The Lesson


Jill is a big hearted woman, too much so. She has a knack for finding a lost cause and devoting herself to it until she gets used up and spit out. The universe gave her a brilliant lesson in this pattern as we went floating down the river last week.

There was a bee in the current, who was more dead than alive. Jill spotted him immediately, and began devising ways to enact a rescue. She decided a leaf could make a good life raft, so I paddled over, snatched a dogwood leaf from a gentle eddy and gave it to her. Jill placed him on top, but he had other ideas. He might have been a suicidal little guy cause he kept working to get back in the water. I was eager to continue our float but Jill had abandoned the idea and was now completely obsessed with saving the life of the bee.

Here is the way Jill saw it:

“He clung tenaciously to the stem of his life raft, waterlogged and exhausted. I was slightly unnerved, paddling to shore against the current, belly flop style with one hand, while holding a leaf with a very possibly irate bee in the other. I made it to shore and because it was an extremely hot day, searched the bank for the perfect spot to deposit him. I gently placed him in the shade of a cool river rock, so as not to scorch his little bee feet. Yes, I actually went that far. I know.

Karen felt the need to point out, in an amused sort of way, that my behavior with the bee was strangely reminiscent of my behavior with men. I find them drowning, struggling and then I, as rescuer, spring into action. Not only do I make the save, but I make the save my life’s work. We giggled at the analogy, but I had to agree. How many men have I gone out on a limb for at my own peril?  

The bee was now safely deposited in the shade of the river bank, so I continued the float. I was relieved as I basked in the hot sun, the cold water and the knowledge that I had done a wonderful deed. But not for long. Barely 15 minutes had passed before another bee spotted me, singled me out in that vast landscape, and out of the hundreds of people who lined the shore, landed and plunged his stinger deep inside my arm!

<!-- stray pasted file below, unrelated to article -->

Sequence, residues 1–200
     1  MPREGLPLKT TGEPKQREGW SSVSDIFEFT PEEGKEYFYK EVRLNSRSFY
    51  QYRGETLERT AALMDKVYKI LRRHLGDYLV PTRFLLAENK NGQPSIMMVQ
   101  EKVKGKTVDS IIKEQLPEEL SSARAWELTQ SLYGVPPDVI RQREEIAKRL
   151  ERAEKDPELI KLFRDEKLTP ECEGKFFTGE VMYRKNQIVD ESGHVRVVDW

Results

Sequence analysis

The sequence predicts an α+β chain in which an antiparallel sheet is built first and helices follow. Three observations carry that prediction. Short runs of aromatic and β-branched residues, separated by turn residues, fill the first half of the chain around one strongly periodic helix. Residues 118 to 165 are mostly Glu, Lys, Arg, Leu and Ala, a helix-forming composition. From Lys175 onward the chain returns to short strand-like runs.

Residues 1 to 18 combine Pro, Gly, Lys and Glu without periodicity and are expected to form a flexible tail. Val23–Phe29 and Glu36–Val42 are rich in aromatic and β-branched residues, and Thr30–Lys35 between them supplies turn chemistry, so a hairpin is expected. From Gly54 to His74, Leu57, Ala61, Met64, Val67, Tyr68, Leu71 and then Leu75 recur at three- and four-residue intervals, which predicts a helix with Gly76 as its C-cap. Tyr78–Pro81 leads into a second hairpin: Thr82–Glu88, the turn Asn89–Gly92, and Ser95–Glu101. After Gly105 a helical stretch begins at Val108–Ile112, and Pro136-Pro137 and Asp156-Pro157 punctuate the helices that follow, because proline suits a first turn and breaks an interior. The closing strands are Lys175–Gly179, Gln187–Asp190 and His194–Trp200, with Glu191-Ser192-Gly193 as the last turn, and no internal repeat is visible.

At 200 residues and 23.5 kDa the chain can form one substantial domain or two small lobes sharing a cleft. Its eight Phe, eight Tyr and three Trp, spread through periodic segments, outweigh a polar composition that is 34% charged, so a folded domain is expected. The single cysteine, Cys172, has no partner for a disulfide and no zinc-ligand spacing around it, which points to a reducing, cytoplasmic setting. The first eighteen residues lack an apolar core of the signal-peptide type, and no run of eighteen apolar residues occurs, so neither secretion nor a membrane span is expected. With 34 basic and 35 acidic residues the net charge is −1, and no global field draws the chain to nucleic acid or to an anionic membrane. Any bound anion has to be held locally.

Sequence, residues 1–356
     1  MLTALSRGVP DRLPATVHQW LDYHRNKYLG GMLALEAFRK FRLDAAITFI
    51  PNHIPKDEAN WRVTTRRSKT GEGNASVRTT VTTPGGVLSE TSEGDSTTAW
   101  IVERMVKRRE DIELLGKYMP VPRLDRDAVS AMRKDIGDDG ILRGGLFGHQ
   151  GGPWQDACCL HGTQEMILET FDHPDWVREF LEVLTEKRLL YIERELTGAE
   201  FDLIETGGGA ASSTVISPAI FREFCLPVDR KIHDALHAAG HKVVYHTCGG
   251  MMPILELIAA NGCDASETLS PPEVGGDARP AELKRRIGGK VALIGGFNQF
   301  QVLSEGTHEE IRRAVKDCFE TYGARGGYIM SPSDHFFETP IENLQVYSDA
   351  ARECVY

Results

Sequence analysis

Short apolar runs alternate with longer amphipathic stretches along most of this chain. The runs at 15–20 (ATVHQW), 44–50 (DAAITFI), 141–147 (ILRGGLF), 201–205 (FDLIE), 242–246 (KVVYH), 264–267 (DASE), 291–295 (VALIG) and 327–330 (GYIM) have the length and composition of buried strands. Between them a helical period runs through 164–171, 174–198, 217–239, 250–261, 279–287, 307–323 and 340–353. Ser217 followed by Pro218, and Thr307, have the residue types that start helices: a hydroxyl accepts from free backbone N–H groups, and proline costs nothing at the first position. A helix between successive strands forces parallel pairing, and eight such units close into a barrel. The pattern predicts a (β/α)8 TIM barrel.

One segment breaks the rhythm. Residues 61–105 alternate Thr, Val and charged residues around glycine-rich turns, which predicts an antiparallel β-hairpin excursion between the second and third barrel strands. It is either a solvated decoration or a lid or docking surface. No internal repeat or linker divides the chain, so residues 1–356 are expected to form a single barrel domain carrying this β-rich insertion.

Karen roared with laughter at the irony of it, because the story always ends the same! But I learned a valuable lesson, so the next pathetic creature that floats my way, be it animal, mineral, vegetable, or cute guy, I will look into the depths of my heart, and find that cold spot that I know must be in there somewhere, suck it up, turn a blind eye, and for once in my life, paddle by and save myself. Sometimes, the life worth saving just might be my own.’

Jill is currently looking for work in the court system where her desire to serve can be directed towards a more positive outcome. Let’s wish her well.


hammock by water

Arid is not a word I use much in writing. That word belongs to places like San Diego, Texas and Arizona. My expressions are full of words that drip and hold moisture. Just the mention of Oregon has people looking for umbrellas, rain boots and fleece jackets. But not today.

Today children play in the fountains – air conditioners are turned up. The highway is full of trailered boats and the vacation minded. I love it! The sun hits the hammock every morning between 10 and 10.30, so I stop whatever I am doing, strip down and soak warmth into my bones. My face has turned a chocolate brown making my white hair and blue eyes pronounced. I feel healthy again and whole. I greet and celebrate the sun as fully as my neighbor repels it by pulling her shades and planting hawthorne trees.

I’ve gone rafting on the Sandy River every summer for the past 36 years, but this year, I wonder if I’ll make it. I have no visiting granddaughters to entertain, no husband to float with and friends with occupied schedules. I’ll travel out of state during prime rafting weeks and have promised John – my marketing guy – that I will hold up my end when I return.

This summer feels different, quiet and withdrawn, a time for regeneration and slowing down to regroup. My need for introspection asks for patience.

Late afternoon light streams through the front window in amber shafts, spilling over my writing pad. I’m held in an almost perfect moment. Preludes enhance the mood like black stones in a Zen garden. A single grace note on a piano keyboard dancing near the ceiling is sweet beyond words, sweet beyond imagining.

Writing is my salvation and faith. I feel relief as words spill out of me and land safely on the page, ready to take a life of their own. I dress them up like children who are going off into the world without me. I give them my best efforts so they will journey well. These words are not scholarly, information driven, political or unique. It is my heart that speaks. I write letters to undiscovered friends, sending them off like paper boats on a river, saying hello to people I have yet to meet.